Focus on: Apple's new iPad

The Gateway asks: what's the point

Last week, in San Francisco and with much fanfare, Apple launched their latest product, the iPad. Not since the iBook of Genesis has there been such a reaction to an Apple story. What is all the fuss about? Well, the price for one thing. It costs $499 for the basic version ($829 for the top model with 64GB and 3G). This may sound like a lot but most people were expecting it be around $1,000. What do you get for your money? Well, it's half an inch thick, weighs 1.5 lbs (680g) and has a ten inch screen. It looks like an iPhone on steroids and that's basically what it is. Technically, it's called a tablet and it's supposed to fill the gap in the market between the smart phones and the laptops. This area has proved something of a Bermuda Triangle for the computing industry. Apple has been here before. In the early nineties it launched the Newton. It was a tablet and it flopped. Microsoft also had several goes, back when Bill Gates was still in charge. Gates was convinced that tablets were the future. Sales figures suggested otherwise. Apple's chief executive, Steve Jobs, summed up the challenge "it has to be far better at some key things than either a smartphone or a laptop otherwise it has no reason for being."

So what has changed? What is the point of a phone which is too big to put in your pocket or a lap top without a keyboard? What does an iPad actually do? The answer is both "surprisingly little" and "pretty much everything". It doesn't do anything new. It lacks, what tech-geeks call, a "killer-application", meaning it can't make you a cup of tea (although how long before Apple launches iTeasmaid?) or reverse the space-time continuum (iTardis?). It does more or less the same stuff as the iPhone, only it's bigger, that's all. But in that key detail lies a host of killing applications. Size, in this instance, matters. Lots of things are better on a bigger screen. Things like reading - Apple hopes the iPad will rival Amazon's Kindle as an e-reader, helped by the new iBooks (it's like iTunes but with more semi-colons) and a partnership with the publishers Penguin and Simon & Schuster (more of the same will surely follow). Newspaper and magazine publishers are desperately hoping that the iPad will provide a way for them to make more money from online content. Users could subscribe to their favourite publications. The screen is big enough (and colourful enough) to carry decent sized advertisements. A bigger screen is also better for videos. Apple failed to agree a deal with a major studio before the launch so, for now, the iPad lacks an iMovies, but this is only a matter of time. In the meantime you could amuse yourself by playing computer games - the iPad is also a console. All the iPhone games will work on it but a bigger screen means better games will follow. Alternatively, if you're too grown-up for such things you could also use it for work - Apple have updated their iWork software applications so it will run word processors and spreadsheets although you may want to buy the plug-in keyboard.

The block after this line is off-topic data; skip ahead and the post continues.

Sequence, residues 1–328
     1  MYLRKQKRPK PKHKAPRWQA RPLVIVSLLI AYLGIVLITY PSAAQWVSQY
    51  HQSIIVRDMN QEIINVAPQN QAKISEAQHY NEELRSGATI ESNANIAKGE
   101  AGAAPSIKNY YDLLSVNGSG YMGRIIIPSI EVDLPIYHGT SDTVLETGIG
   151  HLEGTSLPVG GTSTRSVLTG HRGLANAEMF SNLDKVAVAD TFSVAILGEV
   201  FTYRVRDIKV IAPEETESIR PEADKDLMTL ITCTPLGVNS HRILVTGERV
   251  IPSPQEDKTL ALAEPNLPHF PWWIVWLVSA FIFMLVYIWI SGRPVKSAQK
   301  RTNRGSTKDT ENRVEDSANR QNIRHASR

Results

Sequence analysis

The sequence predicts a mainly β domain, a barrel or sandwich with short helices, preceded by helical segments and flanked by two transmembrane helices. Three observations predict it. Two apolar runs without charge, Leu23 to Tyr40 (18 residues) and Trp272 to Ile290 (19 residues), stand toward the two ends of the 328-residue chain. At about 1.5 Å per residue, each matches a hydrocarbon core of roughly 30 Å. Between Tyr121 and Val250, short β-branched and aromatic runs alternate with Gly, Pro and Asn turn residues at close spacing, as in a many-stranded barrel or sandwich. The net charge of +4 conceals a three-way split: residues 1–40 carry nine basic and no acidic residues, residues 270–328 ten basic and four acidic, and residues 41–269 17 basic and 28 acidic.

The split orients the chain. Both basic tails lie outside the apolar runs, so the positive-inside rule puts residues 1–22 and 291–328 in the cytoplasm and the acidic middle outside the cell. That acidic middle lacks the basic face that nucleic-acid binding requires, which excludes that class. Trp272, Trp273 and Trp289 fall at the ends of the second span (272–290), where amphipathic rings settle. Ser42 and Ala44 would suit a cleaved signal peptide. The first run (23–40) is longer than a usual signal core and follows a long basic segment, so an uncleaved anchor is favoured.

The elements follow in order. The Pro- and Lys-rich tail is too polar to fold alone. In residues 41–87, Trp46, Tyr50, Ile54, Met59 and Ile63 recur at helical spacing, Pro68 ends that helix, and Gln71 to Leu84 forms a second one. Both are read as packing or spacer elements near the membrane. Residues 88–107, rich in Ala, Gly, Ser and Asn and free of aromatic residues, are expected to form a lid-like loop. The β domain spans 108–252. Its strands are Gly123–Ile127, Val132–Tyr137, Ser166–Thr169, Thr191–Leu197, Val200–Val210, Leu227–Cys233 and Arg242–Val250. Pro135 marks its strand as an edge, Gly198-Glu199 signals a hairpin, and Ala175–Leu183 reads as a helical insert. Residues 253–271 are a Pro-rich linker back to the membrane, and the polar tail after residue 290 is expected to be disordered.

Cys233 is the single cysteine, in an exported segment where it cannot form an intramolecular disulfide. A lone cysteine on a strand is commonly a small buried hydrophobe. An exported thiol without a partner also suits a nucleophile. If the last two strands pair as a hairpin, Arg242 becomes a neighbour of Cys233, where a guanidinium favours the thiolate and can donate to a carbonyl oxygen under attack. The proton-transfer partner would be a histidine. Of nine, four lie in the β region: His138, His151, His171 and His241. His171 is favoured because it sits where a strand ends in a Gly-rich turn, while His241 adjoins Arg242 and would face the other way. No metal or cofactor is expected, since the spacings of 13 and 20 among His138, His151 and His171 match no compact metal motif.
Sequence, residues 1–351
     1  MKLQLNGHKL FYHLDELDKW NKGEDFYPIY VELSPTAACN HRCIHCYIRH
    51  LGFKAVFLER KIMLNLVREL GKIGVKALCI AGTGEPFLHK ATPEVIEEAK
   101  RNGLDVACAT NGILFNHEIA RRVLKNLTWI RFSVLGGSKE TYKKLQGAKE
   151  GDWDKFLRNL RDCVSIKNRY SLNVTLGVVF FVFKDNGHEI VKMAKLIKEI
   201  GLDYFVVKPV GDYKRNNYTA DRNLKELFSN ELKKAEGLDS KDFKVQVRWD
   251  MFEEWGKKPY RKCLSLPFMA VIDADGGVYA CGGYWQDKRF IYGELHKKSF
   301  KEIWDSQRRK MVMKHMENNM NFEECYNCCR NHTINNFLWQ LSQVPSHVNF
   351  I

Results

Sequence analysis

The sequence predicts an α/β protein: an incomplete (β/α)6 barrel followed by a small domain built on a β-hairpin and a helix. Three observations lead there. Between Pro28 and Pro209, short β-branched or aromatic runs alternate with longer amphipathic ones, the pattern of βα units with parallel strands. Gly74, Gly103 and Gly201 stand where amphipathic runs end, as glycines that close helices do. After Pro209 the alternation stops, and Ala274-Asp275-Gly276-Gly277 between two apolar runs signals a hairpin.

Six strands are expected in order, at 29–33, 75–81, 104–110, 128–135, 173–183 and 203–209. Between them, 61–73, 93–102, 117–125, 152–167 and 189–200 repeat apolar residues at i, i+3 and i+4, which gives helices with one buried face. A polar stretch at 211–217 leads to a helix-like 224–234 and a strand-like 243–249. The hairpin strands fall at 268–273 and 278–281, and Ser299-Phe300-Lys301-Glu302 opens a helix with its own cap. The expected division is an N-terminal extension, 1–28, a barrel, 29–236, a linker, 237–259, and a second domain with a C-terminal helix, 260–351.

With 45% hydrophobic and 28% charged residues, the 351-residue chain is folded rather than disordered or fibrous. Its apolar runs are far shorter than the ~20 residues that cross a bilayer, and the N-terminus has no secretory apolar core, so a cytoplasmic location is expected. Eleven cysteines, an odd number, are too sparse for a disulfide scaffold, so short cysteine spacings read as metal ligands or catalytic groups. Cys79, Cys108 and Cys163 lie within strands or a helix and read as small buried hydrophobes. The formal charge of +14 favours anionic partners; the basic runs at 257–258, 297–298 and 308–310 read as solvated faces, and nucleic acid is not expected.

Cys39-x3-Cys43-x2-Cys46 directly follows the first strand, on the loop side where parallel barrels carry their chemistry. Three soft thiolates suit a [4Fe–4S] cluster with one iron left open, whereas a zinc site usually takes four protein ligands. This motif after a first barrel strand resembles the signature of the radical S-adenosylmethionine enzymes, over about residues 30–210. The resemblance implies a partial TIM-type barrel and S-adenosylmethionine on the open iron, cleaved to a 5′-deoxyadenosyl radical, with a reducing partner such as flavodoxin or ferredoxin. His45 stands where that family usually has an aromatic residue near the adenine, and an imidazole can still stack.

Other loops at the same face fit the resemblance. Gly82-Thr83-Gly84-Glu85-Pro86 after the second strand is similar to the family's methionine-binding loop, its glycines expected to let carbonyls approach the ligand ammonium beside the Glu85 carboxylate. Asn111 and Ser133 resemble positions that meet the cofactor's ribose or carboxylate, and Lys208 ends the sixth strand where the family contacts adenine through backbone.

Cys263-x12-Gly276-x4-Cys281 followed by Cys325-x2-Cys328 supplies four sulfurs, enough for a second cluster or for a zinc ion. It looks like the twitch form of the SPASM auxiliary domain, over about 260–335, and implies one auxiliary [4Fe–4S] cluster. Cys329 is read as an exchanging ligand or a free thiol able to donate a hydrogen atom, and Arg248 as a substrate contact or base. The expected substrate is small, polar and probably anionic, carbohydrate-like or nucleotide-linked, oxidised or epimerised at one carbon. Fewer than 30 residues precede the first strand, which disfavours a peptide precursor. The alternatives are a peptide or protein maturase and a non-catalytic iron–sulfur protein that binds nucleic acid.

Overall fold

But the iPad is far from perfect. Its many flaws have not escaped the reviewers. First, and by far the most serious, the iPad can do lots of things but it can only do them one at a time. You can't, in other words, listen to Spotify whilst browsing. Second, and most surprising, there is no camera - not on the front for iChat, nor on the back for taking pictures. These days, even things that come in cereal packets are supposed to have a camera on them. The omission almost seems like an act of self-restraint. Third, the iPad can't deal with flash content on websites. This isn't a big deal on something as small as the iPhone but it will leave big holes in the tablet's browsing experience. Then there are the smaller gripes; it can't handle widescreen or HD; it needs too many adapters; it has a silly name (faintly suggestive of feminine hygiene).

But the iPad's detractors are missing the point. It isn't a finished product; it's a new platform for program developers. Imagine what all those clever app creators could come up with for a bigger screen. One of the developers of Facebook, Joe Hewitt spelt out the implications: "If you're a developer and you're not thinking about how your app could work better on the iPad and its descendants, you deserve to get left behind." That's what's different about the iPad - it has potential. The previous generation of tablets failed because they were expensive and hard to use but the iPad is standing on the shoulders of the iPhone's OS software.

That said, the fuss over the iPad isn't really about the product itself; what it can or can't or might one day be able to do. It's about what it means for other businesses. The list of affected industries is ridiculously long. Publishers, newspapers, record companies, movie studios, television networks, program developers, computer companies, electronics goods manufacturers, mobile phone networks and advertisers are just some of the interested parties. If you're a potato farmer or a poodle breeder the iPad probably won't affect your business. Everyone else is concerned.

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